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Simon Wiesenthal: The Life and Legendsby Tom Segev
Synopses & Reviews
This first fully documented biography of Simon Wiesenthal, the legendary Nazi hunter, is also a brilliant character study of a man whose life was part invention but wholly dedicated to ensuring both that the Nazis be held responsible for their crimes and that the destruction of European Jewry never be forgotten.
Like most Jews in Eastern Europe on the eve of Hitler’s invasion of Poland, twenty-four-year-old Simon Wiesenthal did not grasp the nature of the Nazi threat. But six years later, when a skeletal Wiesenthal was liberated from the concentration camp at Mauthausen, he fully fathomed the crimes of the Nazis. Within days he had assembled a list of nearly 150 Nazi war criminals, the first of dozens of such lists he would make over a lifetime as a Nazi hunter. A hero in the eyes of many, Wiesenthal was also attacked for his unrelenting pursuit of the past, when others preferred to forget.
For this new biography, rich in newsworthy revelations, historian and journalist Tom Segev has obtained access to Wiesenthal’s private papers and to sixteen archives, including records of the U.S., Israeli, Polish, and East German secret services. Segev is able to reveal the intriguing secrets of Wiesenthal’s life, including his stunning role in the capture of Adolf Eichmann, his relationship with Israel’s Mossad, his controversial investigative techniques, his unlikely friendships with Kurt Waldheim and Albert Speer, and the nature of his rivalry with Elie Wiesel.
Segev’s challenge in writing this biography was Wiesenthal’s own complicated relationship to truth. Wiesenthal told many versions of his life, his suffering in the camps, and his involvement with the arrest of individual Nazis. Segev shows that in order to gain the information he sought and twist the arms of reluctant government figures, Wiesenthal needed to seem more influential than he really was.
For two generations of Americans, Simon Wiesenthal was a Jewish superhero—depicted on film by Ben Kingsley and Laurence Olivier—and the muse for a Frederick Forsyth thriller. Now Segev demonstrates that the truth of Wiesenthal’s existence is as compelling as the fiction. Simon Wiesenthal is an unforgettable life of one of the great men of the twentieth century.
Tom Segev, who writes a weekly column in Ha'aretz, Israel's leading daily newspaper, is the
From esteemed Israeli journalist and historian Tom Segev, the first fully documented biography of Simon Wiesenthal, revealing the fascinating truth behind this simultaneously admired, despised, and feared hunter of Nazis.
Simon Wiesenthal was the legendary “Nazi hunter” played by Ben Kingsley and Laurence Olivier on film, a Holocaust survivor who dedicated his life to the punishment of Nazi criminals. A hero in the eyes of many, he was also attacked for his unrelenting pursuit of the past, when others preferred to forget.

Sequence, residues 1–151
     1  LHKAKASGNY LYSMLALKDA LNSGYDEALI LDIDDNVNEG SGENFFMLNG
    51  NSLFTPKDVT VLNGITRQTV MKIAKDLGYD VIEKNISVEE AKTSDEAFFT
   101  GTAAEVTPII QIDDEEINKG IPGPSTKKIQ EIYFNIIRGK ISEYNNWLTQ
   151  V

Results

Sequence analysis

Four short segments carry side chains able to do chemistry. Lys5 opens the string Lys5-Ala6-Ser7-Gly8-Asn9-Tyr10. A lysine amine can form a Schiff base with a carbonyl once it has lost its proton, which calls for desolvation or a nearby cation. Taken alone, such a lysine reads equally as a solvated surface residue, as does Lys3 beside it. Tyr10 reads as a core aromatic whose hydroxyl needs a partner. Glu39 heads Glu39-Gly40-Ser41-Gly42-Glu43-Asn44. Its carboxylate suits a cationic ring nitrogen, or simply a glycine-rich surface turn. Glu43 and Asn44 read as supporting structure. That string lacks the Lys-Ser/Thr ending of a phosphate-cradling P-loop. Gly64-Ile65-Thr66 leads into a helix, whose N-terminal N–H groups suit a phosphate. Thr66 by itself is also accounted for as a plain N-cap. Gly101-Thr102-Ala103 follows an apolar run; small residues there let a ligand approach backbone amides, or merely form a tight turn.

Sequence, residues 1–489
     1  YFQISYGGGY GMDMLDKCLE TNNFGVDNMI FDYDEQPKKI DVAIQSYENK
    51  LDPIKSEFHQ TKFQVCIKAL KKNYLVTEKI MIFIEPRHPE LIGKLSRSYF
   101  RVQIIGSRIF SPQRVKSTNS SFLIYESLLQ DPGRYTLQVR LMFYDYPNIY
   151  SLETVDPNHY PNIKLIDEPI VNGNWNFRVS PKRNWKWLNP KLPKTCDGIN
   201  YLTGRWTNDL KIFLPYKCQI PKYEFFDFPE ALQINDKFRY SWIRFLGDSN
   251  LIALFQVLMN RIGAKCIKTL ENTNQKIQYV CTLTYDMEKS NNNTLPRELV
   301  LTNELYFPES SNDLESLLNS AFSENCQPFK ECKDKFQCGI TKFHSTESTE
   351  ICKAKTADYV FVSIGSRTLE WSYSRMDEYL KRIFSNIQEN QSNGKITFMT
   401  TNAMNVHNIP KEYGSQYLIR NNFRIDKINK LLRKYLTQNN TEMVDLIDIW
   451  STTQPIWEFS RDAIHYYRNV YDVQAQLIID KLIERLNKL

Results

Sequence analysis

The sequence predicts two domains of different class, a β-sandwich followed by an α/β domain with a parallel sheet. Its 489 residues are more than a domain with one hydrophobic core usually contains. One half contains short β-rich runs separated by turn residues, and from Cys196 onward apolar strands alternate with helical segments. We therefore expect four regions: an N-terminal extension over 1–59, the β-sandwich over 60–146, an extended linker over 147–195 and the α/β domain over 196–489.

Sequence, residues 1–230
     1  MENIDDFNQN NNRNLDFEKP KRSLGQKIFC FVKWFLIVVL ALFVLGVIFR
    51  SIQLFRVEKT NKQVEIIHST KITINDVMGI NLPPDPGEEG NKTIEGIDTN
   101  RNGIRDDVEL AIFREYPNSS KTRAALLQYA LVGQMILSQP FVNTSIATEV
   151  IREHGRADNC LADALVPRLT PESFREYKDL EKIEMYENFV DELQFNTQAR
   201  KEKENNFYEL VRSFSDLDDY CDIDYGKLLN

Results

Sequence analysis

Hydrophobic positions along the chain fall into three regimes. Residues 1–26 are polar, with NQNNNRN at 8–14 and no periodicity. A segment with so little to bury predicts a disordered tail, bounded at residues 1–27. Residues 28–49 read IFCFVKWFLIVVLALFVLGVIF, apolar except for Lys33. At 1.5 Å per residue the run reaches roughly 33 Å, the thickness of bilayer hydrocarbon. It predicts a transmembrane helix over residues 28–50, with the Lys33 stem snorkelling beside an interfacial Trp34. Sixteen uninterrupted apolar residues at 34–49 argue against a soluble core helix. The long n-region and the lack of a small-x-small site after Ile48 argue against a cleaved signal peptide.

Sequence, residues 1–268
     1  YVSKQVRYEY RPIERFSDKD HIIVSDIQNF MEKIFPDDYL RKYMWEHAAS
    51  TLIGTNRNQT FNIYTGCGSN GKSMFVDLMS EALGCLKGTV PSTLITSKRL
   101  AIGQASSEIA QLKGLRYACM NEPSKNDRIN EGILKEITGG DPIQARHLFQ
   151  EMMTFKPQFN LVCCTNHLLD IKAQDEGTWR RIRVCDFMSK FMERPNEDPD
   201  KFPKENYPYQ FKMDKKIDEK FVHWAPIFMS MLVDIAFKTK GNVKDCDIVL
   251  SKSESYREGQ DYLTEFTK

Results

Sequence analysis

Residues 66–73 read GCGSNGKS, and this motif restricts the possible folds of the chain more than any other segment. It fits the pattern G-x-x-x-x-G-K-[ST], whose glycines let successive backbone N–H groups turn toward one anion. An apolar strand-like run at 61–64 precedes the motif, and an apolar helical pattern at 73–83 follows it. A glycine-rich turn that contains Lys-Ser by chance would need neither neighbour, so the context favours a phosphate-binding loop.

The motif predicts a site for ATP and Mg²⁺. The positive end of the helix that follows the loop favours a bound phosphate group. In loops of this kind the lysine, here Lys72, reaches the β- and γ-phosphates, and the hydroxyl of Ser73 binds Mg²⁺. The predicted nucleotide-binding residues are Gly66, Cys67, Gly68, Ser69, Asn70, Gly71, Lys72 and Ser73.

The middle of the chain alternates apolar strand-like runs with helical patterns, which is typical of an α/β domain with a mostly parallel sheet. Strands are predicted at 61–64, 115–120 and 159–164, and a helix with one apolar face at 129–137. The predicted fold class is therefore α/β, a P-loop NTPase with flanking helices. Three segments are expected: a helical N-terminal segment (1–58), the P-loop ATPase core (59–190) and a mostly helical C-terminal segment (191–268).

For this definitive biography, Tom Segev has obtained access to Wiesenthal’s hundreds of thousands of private papers and to sixteen archives, including records of the U.S., Israeli, Polish, and East German secret services. Segev is able to reveal the intriguing secrets of Wiesenthal’s life, including his stunning role in the capture of Adolf Eichmann, his controversial investigative techniques, his unlikely friendships with Kurt Wald heim and Albert Speer, and the nature of his rivalry with Elie Wiesel.
Tom Segev has written a brilliant character study of the “hunter” who was driven by his own memories to ensure that the destruction of European Jewry never be forgotten.
A fully documented profile of the "Nazi hunter" famous for his unrelenting pursuit of Nazi criminals draws on extensive international records to discuss such topics as his role in capturing Adolf Eichmann, rivalry with Elie Wiesel, and infamy later in life.
About the Author
TOM SEGEV, who writes a weekly column in Ha’aretz, Israel’s leading daily newspaper, is the author of The Seventh Million, The Israelis and the Holocaust, and other groundbreaking books, including One Palestine, Complete, which was named one of the ten best books of 2000 by the New York Times. He lives in Jerusalem.
Table of Contents
"Eichmann is my passion" — "During that period, we never took Hitler seriously" — "See you on the soap shelf" — "Who knows her? Who has seen her?" — "The duty of an Austrian patriot" — "That's how I became a stamp collector" — "I hope you're not coming to see me" — "I always said he's in Buenos Aires" — "Sleuth with 6 million clients" — "You may have thought he was happy, but he also cried sometimes" — "A huge mass of rotten flesh" — "Auschwitz lines" — "What would you have done?" — "Kreisky is going mad" — "Better than any monster" — "Mr. Wiesenthal, I claim, had different relations with the Gestapo from mine" — "It's not easy to be my wife" — "The children-- were actually the same children" — "Only so that Mengele's name would not be forgotten" — "As if I were already dead" — "Sleazenthal" — "We all made mistakes in our youth."
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